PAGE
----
Leveraging Locoregional Therapy and Resection in Metastatic CRC

May 15, 2019
Caroline Seymour
Caroline Seymour

Editor, OncLive®
Caroline Seymour is your initial point of contact for the OncLive® podcast, OncLive On Air™. She joined the company in 2018 as an assistant editor, with expertise in video production and print/digital publication. Email: cseymour@onclive.com

Bassel El-Rayes, MD, further discusses the role of locoregional approaches in borderline and unresectable patients with metastatic colorectal cancer.

Bassel El-Rayes, MD

Although resection is considered to be standard in the absence of long-term follow-up data regarding locoregional therapy, there are plenty of alternative approaches that, when applied with the utmost scrutiny, can be beneficial to patients with borderline and unresectable colorectal cancer (mCRC) that has metastasized to the liver, explained Bassel El-Rayes, MD.

“Factors that influence our decision regarding surgery versus local regional therapy include patient-related factors, such as whether the patient is in good enough shape to undergo a large surgery on the liver,” said El-Rayes. “Additionally, we consider the anatomy of the tumor; is there enough liver remnant to resect the tumor? The third thing we consider is the biology of the disease. If the cancer is progressing at a rapid rate, do we have systemic control of the cancer? If we do, we can focus on local therapy.”

If a patient is deemed unresectable, the extent of the disease can help inform which locoregional approach should be pursued, explained El-Rayes. For example, ablative therapies are typically reserved for smaller lesions, whereas a transcatheter delivery can affect a larger expanse of disease.

In an interview with OncLive, El-Rayes, chief clinical research scientist, Winship Cancer Institute of Emory University, further discussed the role of locoregional approaches in borderline and unresectable patients with mCRC.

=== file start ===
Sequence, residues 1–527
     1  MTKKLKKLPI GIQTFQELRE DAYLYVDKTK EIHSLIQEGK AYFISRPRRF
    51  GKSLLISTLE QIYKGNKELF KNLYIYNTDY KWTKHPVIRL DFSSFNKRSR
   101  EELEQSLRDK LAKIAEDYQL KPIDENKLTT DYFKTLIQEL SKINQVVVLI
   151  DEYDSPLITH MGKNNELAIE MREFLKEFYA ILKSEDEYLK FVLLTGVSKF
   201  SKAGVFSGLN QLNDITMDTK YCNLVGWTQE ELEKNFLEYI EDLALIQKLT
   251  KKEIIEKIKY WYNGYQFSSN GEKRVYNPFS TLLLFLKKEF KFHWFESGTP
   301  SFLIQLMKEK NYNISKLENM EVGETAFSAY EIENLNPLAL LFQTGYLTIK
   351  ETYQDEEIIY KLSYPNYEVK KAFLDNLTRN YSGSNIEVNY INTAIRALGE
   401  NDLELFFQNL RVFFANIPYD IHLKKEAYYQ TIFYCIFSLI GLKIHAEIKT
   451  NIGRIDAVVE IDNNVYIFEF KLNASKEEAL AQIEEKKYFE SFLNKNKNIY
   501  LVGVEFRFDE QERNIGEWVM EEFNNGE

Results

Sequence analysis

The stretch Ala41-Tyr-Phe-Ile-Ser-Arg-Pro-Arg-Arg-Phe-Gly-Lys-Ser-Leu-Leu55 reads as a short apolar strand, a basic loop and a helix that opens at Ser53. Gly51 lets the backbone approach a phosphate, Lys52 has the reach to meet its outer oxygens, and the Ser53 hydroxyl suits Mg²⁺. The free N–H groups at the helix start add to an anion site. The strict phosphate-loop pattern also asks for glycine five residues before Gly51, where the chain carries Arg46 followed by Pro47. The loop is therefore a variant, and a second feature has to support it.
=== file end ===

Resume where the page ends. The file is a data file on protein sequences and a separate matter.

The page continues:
OncLive: How do you determine which patients with metastatic disease should receive local-regional therapy versus those who should undergo resection?

Bassel: Determining which approach to take usually depends on our tumor board discussion. The management of these patients really requires the expertise of multiple specialties, including medical oncology, surgical oncology, interventional radiology, radiation oncology, and radiology. Discussing these cases at a tumor board is key in getting everyone’s input regarding the best approach.

Usually, resection is the gold standard. The patients who are typically considered for an alternative approach are those who do not fit the bill for resection either because they’re not healthy enough physiologically or the anatomy or distribution of the liver lesions is not conducive for resection.

What are some of the locoregional approaches for patients who are ineligible for resection?

Locoregional approaches can be classified into 2 main categories. There are ablative approaches, which include radiofrequency ablation, microwave ablation, or stereotactic body radiation. Then, there are treatments that are delivered through a catheter or transcatheter, which include chemoembolization, radioembolization, and hepatic artery infusion. The decision of which approach to use depends largely on the extent of the area that you want to treat. The ablative treatments are more useful for more discrete lesions, whereas the transcatheter therapies are more useful for disease that involves more of the liver.